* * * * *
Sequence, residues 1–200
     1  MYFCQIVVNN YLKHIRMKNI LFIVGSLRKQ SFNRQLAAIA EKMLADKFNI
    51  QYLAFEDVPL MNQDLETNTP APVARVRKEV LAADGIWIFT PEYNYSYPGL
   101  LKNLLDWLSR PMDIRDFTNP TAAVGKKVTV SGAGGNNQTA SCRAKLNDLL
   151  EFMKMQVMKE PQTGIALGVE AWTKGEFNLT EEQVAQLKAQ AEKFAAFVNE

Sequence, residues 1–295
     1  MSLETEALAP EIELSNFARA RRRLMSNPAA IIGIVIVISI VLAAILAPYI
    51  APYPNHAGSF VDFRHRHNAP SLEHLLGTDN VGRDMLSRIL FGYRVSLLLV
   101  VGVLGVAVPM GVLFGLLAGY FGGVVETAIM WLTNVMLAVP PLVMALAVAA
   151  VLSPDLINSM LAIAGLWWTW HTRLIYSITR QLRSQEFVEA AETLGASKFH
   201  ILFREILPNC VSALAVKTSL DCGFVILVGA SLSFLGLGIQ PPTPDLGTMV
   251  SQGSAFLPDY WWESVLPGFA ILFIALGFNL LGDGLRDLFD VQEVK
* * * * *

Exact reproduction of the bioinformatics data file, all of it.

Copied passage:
Sequence, residues 1–200
     1  MYFCQIVVNN YLKHIRMKNI LFIVGSLRKQ SFNRQLAAIA EKMLADKFNI
    51  QYLAFEDVPL MNQDLETNTP APVARVRKEV LAADGIWIFT PEYNYSYPGL
   101  LKNLLDWLSR PMDIRDFTNP TAAVGKKVTV SGAGGNNQTA SCRAKLNDLL
   151  EFMKMQVMKE PQTGIALGVE AWTKGEFNLT EEQVAQLKAQ AEKFAAFVNE

Sequence, residues 1–295
     1  MSLETEALAP EIELSNFARA RRRLMSNPAA IIGIVIVISI VLAAILAPYI
    51  APYPNHAGSF VDFRHRHNAP SLEHLLGTDN VGRDMLSRIL FGYRVSLLLV
   101  VGVLGVAVPM GVLFGLLAGY FGGVVETAIM WLTNVMLAVP PLVMALAVAA
   151  VLSPDLINSM LAIAGLWWTW HTRLIYSITR QLRSQEFVEA AETLGASKFH
   201  ILFREILPNC VSALAVKTSL DCGFVILVGA SLSFLGLGIQ PPTPDLGTMV
   251  SQGSAFLPDY WWESVLPGFA ILFIALGFNL LGDGLRDLFD VQEVK